Getting through a Rock and a Hard Place on a Trail at Fahnestock State Park

by Raina Stoutenburg, AmeriCorps member of the Taconic Crew

OLYMPUS DIGITAL CAMERAThe Taconic Crew (aka the Talus Titans) is working out of Fahnestock State Park on the Appalachian Access Trail.  On that trail, there is a section that we have lovingly nicknamed “Dead Man’s Curve”.

When we first encountered this section of trail, there was nowhere to walk.  On one side of the trail there was a wall of bedrock. On the other side, there was a steep drop-off. In between, there was no place to build a trail.  It was deservedly named ‘Dead Man’s Curve’ and the name stuck.

After doing a lot of discovery around the bedrock, it was decided that we were going to rent a pneumatic hammer and create a trail out of the bedrock. Using the hammer was difficult.  We had to hold the hammer at an angle and it was heavy.  Even the strongest people had to switch off every five minutes, or so. It was fun to use though!  There’s something strangely satisfying about breaking off chunks of rock using large power tools!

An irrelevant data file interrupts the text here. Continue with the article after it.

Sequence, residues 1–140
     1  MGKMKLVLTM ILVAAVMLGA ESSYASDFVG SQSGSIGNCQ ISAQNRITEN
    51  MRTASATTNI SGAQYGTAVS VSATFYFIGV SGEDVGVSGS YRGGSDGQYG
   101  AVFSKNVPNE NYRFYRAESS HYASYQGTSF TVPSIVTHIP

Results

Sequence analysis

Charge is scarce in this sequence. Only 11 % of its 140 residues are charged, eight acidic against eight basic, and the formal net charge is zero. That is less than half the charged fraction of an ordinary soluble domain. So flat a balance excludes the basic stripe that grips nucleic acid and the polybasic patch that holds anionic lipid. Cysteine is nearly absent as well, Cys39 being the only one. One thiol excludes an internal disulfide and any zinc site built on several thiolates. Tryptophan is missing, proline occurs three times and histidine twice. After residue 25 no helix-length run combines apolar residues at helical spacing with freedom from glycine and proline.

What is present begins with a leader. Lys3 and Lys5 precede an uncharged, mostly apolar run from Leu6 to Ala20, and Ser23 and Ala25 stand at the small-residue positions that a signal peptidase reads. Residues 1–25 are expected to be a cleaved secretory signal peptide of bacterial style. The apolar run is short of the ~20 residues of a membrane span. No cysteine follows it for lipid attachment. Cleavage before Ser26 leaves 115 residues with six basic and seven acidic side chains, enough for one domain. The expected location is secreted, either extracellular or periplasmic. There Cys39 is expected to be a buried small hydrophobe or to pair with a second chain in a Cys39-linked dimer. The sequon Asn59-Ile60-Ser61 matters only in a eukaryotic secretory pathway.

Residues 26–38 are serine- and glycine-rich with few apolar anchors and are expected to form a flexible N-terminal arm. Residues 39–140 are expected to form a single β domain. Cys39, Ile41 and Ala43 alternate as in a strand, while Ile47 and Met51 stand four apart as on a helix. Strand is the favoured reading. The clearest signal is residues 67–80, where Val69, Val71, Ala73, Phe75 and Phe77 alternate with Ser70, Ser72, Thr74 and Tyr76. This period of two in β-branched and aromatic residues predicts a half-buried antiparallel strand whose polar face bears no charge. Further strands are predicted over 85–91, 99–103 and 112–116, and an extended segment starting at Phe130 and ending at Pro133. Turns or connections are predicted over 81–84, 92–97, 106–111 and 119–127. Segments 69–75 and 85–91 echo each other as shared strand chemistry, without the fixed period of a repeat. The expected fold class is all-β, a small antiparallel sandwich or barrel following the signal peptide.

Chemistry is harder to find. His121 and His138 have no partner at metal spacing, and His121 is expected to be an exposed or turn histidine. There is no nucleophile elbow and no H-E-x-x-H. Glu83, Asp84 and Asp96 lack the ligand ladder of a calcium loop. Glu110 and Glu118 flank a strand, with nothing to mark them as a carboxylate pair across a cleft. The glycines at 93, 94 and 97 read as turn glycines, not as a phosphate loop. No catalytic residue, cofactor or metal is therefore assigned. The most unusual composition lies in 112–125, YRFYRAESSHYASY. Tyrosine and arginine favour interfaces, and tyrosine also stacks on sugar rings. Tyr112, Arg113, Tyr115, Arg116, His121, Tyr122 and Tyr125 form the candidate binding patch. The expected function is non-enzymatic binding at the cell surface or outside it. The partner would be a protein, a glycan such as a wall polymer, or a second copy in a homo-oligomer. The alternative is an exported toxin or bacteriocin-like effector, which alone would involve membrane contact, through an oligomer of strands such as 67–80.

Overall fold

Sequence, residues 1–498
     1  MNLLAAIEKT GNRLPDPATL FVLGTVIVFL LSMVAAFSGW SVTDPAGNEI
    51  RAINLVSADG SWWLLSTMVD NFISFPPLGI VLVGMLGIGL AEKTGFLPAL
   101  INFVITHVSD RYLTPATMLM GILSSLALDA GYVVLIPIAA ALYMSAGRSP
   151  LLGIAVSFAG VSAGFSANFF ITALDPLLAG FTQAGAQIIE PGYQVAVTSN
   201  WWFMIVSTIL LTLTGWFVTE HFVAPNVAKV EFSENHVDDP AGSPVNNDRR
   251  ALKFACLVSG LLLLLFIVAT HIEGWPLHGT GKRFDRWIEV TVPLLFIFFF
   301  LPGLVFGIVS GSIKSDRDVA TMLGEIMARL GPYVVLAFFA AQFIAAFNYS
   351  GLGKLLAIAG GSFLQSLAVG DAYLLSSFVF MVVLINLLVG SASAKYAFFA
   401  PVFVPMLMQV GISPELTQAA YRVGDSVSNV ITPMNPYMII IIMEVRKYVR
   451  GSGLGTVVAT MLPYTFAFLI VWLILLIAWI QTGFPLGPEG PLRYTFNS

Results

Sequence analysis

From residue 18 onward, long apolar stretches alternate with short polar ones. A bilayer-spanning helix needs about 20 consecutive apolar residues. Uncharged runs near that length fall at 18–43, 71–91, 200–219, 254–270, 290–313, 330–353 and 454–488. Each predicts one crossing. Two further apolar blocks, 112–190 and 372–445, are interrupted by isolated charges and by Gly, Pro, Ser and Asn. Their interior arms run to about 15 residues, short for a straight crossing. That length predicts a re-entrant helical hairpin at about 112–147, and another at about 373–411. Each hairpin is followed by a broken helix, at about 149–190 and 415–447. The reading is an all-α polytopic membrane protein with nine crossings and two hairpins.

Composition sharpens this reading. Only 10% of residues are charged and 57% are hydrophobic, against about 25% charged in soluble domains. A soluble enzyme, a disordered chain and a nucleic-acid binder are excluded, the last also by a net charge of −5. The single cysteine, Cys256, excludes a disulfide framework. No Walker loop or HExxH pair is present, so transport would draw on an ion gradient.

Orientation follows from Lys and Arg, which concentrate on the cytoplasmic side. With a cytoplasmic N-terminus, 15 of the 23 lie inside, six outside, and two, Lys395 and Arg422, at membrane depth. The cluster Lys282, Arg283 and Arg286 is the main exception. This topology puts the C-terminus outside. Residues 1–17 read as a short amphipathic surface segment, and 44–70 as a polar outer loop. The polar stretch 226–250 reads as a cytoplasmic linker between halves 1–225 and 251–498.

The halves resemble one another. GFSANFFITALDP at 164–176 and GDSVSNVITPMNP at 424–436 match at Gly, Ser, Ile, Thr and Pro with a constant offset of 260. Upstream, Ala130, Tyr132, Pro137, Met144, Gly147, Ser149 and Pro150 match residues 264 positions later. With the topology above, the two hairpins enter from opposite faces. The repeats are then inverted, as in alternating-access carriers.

After almost two days of working with a pneumatic hammer, the bedrock had become a trail!  There is still a steep drop-off on one side.  On the other side is a wall of iron-laden bedrock.  In between, there is about two feet of rock that is easy to walk on!

Dead Man’s Curve has been greatly transformed into a section of trail with a nice view and a memorable bedrock tread!

About Trail Walker

Since 1920, the New York-New Jersey Trail Conference has partnered with parks to create, protect, and promote a network of more than 2,100 miles of public trails in the New York-New Jersey metropolitan region. The Trail Conference organizes volunteer service projects that keep these trails open, safe, and enjoyable for the public. We publish maps and books that guide public use of these trails. The Trail Conference is a volunteer-driven nonprofit organization with a membership of 10,000 individuals and 100 clubs with a combined membership of 100,000 active, outdoor-loving people.
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1 Response to Getting through a Rock and a Hard Place on a Trail at Fahnestock State Park

  1. Lucy Waletzky says:

    I’m very grateful for your very hard work which has made that dangerous section of trail safer
    Lucy Waletzky

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